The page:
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Precis File
SHIP NAME: Anjasmoro KEY: NUM. ENTRIES: 3
source Straits Times
type C
volume
material
dead 0
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TWO workers have died and a third is in serious condition after inhaling toxic fumes aboard a tanker moored off the island's west coast. The three Indian nationals were part of a team deployed to remove gas and oily water from the Singapore-registered Mt Anjasmoro when they collapsed on Saturday night at about 8.45pm, said police. Mr Kamaruddin Sathik and Mr Selvam Dhinakaran, both aged 20, were pronounced dead at about 10pm by paramedics. Survivor Kandasamy Muthurajah, 32, was taken to the Singapore General Hospital and warded for treatment in the Burns Unit. His condition is reported to be stable.

The Ministry of Manpower (MOM) has ordered all work on the ship to stop until after officials have 'determined that measures are in place to carry out the work safely', said a spokesman. The ministry and the police are investigating.

The 33,000-tonne Mt Anjasmoro is owned by Indonesia-based PT Berlian Laju Tanker Tbk. The three men were installing equipment to free up gas and pump out water and oil residue in the tanker's ballast area, a process known as 'de-slopping.' They apparently inhaled a toxic gas, though it is not yet known what kind.

A dozen other workers on board were not affected. The MOM probe is expected to examine whether the men should have been wearing breathing gear and if the ballast area was checked for toxic gas first.

Arrangements were made yesterday for the bodies of the two men, who worked for Great Asia Marine, to be flown to India, said a spokesman for Prime Marine, the main contractor for the de-slopping. 'We are concerned and saddened by the incident, and are cooperating fully and assisting the authorities. We are also conducting our own investigations,' said the spokesman.

Yesterday, general manager S.R. Nagah-rajhan of Sunair Marine Engineering, which employed Mr Muthurajah, visited him in hospital and said his condition was improving. 'He has a tube through his nose, is unable to talk but is conscious,' said Mr Nagah-rajhan.


source Singapore News, 2010?
type A
volume
material
dead 2
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Prime Marine was the second company which pleaded guilty on Thursday. It was responsible for an accident that on board a ship, the MT Anjasmoro, on 15 December 2007. The vessel was then anchored at the Western Petroleum Anchorage. Two men died and another suffered burns to his respiratory system after inhaling toxic Hydrogen Sulphide gas while working there. The men were assigned to clean a tank and they entered it even though it contained a high concentration of the gas. Investigations revealed that Prime Marine had failed to provide them with safety equipment such as breathing devices and personal gas monitors. One of its supervisors, Png Aik Meng, had told the men to enter the tank even though it was dangerous to do so. All accused parties will be sentenced later this month.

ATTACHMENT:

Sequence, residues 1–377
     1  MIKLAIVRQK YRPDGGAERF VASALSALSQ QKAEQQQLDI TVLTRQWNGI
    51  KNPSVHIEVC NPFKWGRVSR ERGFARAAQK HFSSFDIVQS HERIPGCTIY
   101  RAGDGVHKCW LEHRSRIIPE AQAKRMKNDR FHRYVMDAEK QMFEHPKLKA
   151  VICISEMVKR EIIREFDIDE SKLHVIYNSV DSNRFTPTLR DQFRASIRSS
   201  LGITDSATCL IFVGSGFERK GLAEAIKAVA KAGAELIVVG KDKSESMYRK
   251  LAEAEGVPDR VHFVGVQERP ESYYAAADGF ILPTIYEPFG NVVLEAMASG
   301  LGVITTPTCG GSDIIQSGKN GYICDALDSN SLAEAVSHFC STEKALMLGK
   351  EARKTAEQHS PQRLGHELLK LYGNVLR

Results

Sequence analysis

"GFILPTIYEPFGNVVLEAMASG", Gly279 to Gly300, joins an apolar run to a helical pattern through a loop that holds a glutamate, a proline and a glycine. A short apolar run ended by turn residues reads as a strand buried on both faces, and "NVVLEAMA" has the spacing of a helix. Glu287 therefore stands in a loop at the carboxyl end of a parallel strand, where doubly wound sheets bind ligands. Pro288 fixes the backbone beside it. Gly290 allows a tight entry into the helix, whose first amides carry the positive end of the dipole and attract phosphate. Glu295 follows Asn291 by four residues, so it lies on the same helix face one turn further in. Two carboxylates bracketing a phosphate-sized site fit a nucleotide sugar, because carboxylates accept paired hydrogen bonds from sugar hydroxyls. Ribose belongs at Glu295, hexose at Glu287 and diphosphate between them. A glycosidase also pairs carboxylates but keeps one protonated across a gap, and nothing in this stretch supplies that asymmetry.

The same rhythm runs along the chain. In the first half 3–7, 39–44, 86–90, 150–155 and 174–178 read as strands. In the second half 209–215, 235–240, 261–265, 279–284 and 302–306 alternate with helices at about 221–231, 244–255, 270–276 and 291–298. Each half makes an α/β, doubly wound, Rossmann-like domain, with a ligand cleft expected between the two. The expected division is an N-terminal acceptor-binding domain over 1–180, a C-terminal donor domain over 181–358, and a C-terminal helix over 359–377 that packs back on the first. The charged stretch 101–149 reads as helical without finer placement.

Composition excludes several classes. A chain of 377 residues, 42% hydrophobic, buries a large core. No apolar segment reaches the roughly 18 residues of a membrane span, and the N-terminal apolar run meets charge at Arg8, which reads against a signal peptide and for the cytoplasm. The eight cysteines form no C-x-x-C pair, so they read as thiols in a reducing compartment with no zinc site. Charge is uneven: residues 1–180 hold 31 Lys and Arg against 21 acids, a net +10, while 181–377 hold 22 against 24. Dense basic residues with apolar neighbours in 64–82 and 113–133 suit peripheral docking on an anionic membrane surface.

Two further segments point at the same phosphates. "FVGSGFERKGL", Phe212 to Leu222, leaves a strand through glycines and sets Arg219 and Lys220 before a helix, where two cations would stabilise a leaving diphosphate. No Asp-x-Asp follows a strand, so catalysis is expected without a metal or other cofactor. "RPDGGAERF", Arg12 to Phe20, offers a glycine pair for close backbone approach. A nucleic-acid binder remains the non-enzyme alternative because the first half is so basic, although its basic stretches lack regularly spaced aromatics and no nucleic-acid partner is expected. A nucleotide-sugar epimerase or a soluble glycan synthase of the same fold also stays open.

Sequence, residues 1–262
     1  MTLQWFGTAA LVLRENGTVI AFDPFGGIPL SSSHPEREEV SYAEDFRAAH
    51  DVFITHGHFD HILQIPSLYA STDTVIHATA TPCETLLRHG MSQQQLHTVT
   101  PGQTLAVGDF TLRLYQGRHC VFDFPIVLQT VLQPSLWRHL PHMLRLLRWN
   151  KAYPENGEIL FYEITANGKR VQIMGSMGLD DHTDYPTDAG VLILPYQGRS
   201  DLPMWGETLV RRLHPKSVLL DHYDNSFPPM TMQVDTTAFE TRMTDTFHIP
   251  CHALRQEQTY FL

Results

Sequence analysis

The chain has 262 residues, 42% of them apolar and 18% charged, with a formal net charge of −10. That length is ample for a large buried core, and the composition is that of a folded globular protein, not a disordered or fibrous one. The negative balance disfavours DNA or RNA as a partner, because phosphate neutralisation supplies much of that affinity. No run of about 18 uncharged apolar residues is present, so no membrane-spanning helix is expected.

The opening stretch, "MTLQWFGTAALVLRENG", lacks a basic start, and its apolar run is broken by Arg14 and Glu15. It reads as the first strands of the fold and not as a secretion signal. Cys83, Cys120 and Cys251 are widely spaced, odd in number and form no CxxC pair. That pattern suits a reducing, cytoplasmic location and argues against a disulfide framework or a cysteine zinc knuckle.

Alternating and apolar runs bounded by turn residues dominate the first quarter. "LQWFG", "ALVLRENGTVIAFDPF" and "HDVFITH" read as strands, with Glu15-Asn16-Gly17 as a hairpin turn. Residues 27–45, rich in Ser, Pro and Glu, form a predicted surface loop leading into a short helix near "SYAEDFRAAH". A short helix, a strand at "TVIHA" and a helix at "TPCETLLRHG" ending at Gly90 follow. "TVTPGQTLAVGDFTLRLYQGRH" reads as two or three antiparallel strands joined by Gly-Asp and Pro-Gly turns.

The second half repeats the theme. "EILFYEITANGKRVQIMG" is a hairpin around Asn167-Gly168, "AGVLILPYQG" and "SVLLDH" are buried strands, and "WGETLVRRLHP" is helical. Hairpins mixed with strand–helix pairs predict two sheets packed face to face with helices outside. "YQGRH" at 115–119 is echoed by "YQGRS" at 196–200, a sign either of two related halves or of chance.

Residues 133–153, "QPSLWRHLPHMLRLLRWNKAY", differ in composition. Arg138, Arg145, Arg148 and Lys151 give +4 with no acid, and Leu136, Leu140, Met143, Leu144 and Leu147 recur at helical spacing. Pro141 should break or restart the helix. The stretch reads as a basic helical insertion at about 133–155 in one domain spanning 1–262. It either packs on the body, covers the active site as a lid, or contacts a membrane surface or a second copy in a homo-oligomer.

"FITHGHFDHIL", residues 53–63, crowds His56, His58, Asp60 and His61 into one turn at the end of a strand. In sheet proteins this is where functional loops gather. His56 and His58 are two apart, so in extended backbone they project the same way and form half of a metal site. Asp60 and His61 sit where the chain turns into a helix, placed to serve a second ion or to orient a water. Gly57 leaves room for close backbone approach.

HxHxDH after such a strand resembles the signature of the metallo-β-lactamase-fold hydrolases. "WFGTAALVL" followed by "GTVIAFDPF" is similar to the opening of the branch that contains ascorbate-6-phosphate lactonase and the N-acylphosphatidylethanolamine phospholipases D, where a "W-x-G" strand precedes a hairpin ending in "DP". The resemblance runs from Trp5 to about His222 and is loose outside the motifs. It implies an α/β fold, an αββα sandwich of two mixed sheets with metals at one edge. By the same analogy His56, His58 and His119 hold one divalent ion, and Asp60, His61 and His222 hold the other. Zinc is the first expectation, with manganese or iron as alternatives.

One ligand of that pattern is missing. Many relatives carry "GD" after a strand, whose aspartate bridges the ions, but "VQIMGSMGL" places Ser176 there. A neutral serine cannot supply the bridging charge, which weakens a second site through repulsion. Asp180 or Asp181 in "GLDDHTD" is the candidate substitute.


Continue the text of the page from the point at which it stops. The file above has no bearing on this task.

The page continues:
source CTX
type C
volume
material
dead 0
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Muthurajah survived. His account makes it clear that it was very early in the tank cleaning process. He was carrying blowers down to ventilate the tank, prior to the actual cleaning process.

1996 built ship was almost certainly double hull. There should be no 'oil residue' in 'ballast area'. Either there was a leak into the ballast tanks, or account is garbled. The fact that the men were sent into the tank without checking or protection is weak support for the leak hypothesis. Even a Singapore contractor would be unlikely to do this if the men were entering a cargo tank.

Either way it is pretty obvious that the tank had not been properly purged.